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what are your rights if strike happens?

Third time’s a charm, eh? Finally it seems like Aer Lingus workers will carry through with their threat and bring flights to a halt on May 30 - just as the bank holiday weekend and peak summer season kicks off.

It’s the third time they’ve 
called a strike in a year and, however Aer Lingus management feels about it, it’s a sure 
bet that holiday-makers, tourists 
and commuting workers are 
thoroughly annoyed by it all.


Aer Lingus has at least put its hands up to the public as best as it can by offering a rescheduled flight or a refund.

If you have the flexibility 
you can travel on any date between now and June 9 at no 
extra cost, to your original destination.

If you simply can’t change dates, my advice is to take the refund and book with Ryanair or another carrier.

You may of course end up paying more, or arrive at a less convenient destination, but Ryanair’s flights will book up faster now as the strike looms closer.

Hopefully there’ll be no opportunistic jacking up of prices from Michael O Leary.

It’s worth noting that not every flight is affected on May 30. Regional services, many to 
UK airports, are operational, as are flights to New York and Chicago.

Check the Aer Lingus website for information, although 
affected passengers should have received an email outlining their options by now.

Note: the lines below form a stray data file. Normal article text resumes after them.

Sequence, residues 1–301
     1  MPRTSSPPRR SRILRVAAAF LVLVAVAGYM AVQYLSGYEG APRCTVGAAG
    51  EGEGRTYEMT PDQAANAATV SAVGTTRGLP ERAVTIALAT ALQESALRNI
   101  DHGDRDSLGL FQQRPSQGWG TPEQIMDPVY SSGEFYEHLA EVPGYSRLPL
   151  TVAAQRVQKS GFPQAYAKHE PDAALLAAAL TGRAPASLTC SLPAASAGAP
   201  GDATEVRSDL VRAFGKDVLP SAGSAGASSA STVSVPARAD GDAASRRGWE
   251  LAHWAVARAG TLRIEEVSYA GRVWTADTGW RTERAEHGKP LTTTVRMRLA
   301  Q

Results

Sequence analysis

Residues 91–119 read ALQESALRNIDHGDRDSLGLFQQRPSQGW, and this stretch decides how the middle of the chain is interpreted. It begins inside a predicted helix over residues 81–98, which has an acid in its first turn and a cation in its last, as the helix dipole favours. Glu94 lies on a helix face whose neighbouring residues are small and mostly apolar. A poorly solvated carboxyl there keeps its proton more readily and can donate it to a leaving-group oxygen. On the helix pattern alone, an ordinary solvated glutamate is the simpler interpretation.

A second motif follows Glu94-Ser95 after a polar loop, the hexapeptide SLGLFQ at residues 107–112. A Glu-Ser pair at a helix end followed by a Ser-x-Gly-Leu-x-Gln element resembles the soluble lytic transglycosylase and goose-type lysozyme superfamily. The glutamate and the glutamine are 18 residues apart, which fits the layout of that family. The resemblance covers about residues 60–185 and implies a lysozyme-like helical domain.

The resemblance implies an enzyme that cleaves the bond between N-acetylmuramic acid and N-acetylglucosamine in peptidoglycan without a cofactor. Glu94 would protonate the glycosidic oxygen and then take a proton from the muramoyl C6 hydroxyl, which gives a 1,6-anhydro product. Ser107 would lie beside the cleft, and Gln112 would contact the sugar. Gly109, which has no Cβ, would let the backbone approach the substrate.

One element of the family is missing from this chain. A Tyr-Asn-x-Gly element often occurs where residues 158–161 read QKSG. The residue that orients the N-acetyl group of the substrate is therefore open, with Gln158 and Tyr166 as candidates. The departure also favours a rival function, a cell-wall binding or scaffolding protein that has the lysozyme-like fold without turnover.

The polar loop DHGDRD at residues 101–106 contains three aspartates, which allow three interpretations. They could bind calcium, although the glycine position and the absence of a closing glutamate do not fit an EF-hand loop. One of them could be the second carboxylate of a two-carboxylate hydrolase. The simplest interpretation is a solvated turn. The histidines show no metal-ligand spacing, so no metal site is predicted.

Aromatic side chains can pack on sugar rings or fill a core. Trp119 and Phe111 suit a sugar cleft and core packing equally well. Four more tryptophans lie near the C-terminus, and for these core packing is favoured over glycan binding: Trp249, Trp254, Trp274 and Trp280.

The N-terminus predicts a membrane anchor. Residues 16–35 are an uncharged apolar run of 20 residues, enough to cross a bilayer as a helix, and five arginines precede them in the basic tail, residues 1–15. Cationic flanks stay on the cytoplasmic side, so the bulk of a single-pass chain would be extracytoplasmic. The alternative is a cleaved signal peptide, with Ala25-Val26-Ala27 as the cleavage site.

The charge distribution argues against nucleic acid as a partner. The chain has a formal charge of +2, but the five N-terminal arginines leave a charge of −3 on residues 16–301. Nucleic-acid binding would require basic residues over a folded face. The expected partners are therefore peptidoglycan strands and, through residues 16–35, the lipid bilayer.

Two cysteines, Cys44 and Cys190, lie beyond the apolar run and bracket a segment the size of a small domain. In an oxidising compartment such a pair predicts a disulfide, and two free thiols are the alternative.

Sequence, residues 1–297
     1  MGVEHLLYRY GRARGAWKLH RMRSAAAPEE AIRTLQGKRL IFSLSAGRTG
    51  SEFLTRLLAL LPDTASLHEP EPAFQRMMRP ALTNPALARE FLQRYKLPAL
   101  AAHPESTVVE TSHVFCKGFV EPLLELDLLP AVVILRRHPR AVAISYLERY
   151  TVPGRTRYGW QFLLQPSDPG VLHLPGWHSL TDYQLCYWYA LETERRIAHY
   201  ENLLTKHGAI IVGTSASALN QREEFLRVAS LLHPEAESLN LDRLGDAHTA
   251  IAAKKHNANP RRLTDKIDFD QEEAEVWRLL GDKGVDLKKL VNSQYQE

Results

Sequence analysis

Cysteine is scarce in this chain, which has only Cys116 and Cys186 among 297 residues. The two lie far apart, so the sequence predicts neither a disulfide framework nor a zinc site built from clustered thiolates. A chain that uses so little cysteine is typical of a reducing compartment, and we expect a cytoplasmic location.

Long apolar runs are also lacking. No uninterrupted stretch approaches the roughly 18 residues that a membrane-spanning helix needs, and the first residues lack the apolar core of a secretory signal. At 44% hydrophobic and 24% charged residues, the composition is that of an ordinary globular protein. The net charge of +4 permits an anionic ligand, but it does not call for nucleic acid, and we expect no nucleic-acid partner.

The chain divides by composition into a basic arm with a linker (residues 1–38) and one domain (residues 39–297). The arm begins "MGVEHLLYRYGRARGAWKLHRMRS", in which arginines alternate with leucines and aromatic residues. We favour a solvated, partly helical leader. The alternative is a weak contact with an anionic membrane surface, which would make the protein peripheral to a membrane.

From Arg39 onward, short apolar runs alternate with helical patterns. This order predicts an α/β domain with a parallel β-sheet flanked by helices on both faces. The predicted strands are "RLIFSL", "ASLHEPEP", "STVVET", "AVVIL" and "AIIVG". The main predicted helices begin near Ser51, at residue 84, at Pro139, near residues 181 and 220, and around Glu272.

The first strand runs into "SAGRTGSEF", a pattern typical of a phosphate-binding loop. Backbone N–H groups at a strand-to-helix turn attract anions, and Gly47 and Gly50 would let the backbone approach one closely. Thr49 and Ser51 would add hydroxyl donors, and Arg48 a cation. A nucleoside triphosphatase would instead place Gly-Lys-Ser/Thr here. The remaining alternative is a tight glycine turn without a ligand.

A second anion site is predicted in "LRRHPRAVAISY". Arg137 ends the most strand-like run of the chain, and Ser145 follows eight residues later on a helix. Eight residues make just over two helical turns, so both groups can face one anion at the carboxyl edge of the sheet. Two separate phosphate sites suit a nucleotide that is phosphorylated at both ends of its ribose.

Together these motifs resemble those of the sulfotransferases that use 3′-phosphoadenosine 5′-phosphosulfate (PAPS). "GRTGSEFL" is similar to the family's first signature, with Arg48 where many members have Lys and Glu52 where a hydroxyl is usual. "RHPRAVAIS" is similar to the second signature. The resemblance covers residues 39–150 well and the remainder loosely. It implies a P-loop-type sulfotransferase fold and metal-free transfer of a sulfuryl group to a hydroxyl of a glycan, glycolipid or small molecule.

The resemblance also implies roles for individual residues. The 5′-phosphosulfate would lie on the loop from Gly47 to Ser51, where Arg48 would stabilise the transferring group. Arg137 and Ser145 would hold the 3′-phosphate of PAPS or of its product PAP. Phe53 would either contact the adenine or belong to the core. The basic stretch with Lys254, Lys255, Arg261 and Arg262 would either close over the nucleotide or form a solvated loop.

Generally speaking, air travel is one of the most tightly regulated, consumer-friendly areas, so 
your rights are enshrined in 

Delays and cancellations fall under the Montreal Convention, so Aer Lingus knew what they 
had to offer, regardless of 
the cost.

If a flight is cancelled you must be offered a rescheduled alternative, a refund or “care 
and assistance” while you 
wait until the next available 
one, including meals, refreshments, two calls, hotel 
accommodation and transport if necessary.

EU rules say you are also entitled to additional compensation but don’t get too excited: 
although it is ranges from €250 to €600 depending on the length of the flight, there’s a get out’ 
clause for airlines if it 
informed passengers of the intended cancellation two weeks in advance, which was the case here.

Indeed, if it’s down to “extraordinary circumstances” which isn’t wholly defined in the law, or they took steps to avoid the cancellation, you’re stuffed for extra compo.


So, although you might already have paid, say, for a night’s 
accommodation somewhere and now can’t travel, the airline doesn’t have to compensate you for that in these circumstances.

For general delays, the 
same “care and assistance” entitlement is also dependent on flight length - for two hours or more where the flight is 1,500km or less; three hours for flights of 1,500km-3,500km or 4 hours for longer haul.

Check out flightrights.ie or the Commission for Aviation Regulation www.aviaionreg.ie for a run down.